A series of institute projects focus on supporting caregiving service agencies through research studying the effectiveness of their programs.

With 40 million caregivers in the U.S., leaders at the Family Caregiving Institute at the Betty Irene Moore School of Nursing at UC Davis seek solutions for those providing care. That includes informing health care providers, systems and policy makers of the value that family caregivers bring.

Heather M. Young, left, and Janice Bell
Heather M. Young, left, and Janice Bell

Many caregiving programs are provided by service agencies, which lack the funding and expertise to conduct evidence-based research that determines the effectiveness of their interventions. The Institute’s program and policy evaluation unit, led by Heather M. Young and Janice Bell, brings decades of research expertise to the table. Through qualitative and quantitative methods, they assist agencies in understanding what in their organization works, what does not work and what the implications are for practice and policy.

Through this expertise, agencies can focus on designing and implementing programs that care for their constituencies, while institute researchers collect data to evaluate those programs.

Researchers bridge evidence from practice to policy. That evidence both enables agencies to better execute their mission and demonstrates to policy makers the case for funding.

Collaborations include:

  • Evaluating the California Caregiver Resource Centers (CCRC) expansion project to assess the design and implementation of a $30 million contract from the state of California. The goal: to improve and increase access to resources through implementation of a standardized online assessment tool and suite of services
  • Partnering with AARP, Benjamin Rose Institute on Aging and the Diverse Elders Coalition to engage stakeholders in interpreting the implications of caregiver research. The goal: to identify challenges faced by diverse caregivers, recognize gaps in research and assure resources that are culturally and linguistically appropriate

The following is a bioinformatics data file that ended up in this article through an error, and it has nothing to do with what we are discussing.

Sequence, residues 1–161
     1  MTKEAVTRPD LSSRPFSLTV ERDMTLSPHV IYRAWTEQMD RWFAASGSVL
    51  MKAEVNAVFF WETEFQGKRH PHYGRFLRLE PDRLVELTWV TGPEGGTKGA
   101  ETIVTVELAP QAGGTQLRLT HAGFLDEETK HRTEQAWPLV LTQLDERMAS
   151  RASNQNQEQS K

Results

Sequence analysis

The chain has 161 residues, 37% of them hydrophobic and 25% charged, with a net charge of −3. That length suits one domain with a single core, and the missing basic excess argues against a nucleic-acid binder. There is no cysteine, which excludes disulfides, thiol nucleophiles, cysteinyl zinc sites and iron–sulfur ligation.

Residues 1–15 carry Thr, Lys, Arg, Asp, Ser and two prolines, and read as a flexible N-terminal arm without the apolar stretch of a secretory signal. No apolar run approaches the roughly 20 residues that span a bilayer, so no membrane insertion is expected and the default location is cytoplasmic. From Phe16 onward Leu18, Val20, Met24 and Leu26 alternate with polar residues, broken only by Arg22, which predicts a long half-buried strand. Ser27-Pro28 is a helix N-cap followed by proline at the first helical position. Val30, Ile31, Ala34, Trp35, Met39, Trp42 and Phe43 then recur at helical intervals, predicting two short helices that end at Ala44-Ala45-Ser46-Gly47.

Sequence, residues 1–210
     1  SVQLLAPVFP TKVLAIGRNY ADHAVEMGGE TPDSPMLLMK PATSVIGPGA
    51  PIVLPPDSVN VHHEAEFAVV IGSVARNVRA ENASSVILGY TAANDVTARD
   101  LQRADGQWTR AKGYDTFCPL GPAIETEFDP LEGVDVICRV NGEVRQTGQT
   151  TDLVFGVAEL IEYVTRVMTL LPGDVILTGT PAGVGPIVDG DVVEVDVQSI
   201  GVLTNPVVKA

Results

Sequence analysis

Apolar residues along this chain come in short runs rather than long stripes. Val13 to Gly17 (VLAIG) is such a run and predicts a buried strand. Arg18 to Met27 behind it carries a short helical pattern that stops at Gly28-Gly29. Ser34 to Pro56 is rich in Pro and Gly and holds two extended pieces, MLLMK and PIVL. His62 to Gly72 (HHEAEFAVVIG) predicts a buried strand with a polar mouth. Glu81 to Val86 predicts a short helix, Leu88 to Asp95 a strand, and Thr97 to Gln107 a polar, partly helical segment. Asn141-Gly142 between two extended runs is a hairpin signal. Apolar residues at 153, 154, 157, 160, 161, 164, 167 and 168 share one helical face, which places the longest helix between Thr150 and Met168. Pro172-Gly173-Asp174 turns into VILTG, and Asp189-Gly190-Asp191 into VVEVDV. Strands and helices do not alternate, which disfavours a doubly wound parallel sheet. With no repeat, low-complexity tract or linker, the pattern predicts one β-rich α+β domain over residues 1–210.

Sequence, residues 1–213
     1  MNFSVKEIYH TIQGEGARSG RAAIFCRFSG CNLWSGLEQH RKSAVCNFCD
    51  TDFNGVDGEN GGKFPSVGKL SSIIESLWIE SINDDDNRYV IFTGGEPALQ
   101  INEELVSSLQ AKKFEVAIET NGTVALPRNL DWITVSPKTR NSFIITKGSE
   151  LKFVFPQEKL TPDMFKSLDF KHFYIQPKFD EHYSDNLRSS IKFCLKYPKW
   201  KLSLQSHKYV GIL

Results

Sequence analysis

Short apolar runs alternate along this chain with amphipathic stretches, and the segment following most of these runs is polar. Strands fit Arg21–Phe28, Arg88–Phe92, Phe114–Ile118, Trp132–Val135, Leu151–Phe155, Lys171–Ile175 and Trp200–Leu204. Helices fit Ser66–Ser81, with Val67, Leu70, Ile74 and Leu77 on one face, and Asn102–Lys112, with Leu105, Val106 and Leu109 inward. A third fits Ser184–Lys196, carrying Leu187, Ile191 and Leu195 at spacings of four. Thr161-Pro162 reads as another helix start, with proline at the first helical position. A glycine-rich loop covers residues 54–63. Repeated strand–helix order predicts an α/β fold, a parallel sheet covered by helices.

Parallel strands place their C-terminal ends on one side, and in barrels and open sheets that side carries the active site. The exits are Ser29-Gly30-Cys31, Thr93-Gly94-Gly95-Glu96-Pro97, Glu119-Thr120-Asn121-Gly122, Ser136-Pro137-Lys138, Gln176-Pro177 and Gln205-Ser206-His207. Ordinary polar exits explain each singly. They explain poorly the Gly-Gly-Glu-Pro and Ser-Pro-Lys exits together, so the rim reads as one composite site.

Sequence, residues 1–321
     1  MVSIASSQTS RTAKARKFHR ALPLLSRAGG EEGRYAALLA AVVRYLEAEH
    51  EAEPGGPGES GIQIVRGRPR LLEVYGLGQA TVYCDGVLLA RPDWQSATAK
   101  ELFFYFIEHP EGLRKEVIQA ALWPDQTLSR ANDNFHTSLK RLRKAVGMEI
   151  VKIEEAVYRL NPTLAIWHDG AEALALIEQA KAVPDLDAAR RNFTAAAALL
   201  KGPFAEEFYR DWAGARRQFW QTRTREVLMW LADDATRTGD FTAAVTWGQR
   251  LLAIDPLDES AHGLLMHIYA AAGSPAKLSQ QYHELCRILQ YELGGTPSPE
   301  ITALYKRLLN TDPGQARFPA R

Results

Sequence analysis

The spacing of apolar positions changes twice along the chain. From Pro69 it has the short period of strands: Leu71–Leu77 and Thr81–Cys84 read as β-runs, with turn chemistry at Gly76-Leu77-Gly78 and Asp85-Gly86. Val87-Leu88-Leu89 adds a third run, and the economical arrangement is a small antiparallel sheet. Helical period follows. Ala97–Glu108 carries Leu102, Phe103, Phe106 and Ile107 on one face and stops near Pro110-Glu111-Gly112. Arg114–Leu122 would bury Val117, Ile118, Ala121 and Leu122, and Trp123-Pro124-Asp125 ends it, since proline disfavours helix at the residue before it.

• Leading focus group discussions among leaders from health systems and foundations regarding the AARP-developed Caregiver Advise, Record, Enable (CARE) Act. The goal: to determine progress in its implementation, lessons learned and the impact of COVID-19 on supporting family caregivers and preparing them to manage complex care at home
  • Evaluating the San Francisco-based Zen Caregiving Project’s 4-part Foundations of Mindful Caregiving Online Series, which introduces mindfulness-based tools and approaches to caregivers, helping to build their emotional resilience and supporting them to maintain delivery of high-quality and compassionate care. The goal: to conduct pre- and post-surveys that measure caregiver emotional well-being and satisfaction with the series
  • Collaborating with Jessica Zitter, an intensive care unit physician, palliative care specialist, author and documentary filmmaker, in developing and evaluating end-of-life care discussion guides that complement with community screenings of Extremis and Caregiver: A Love Story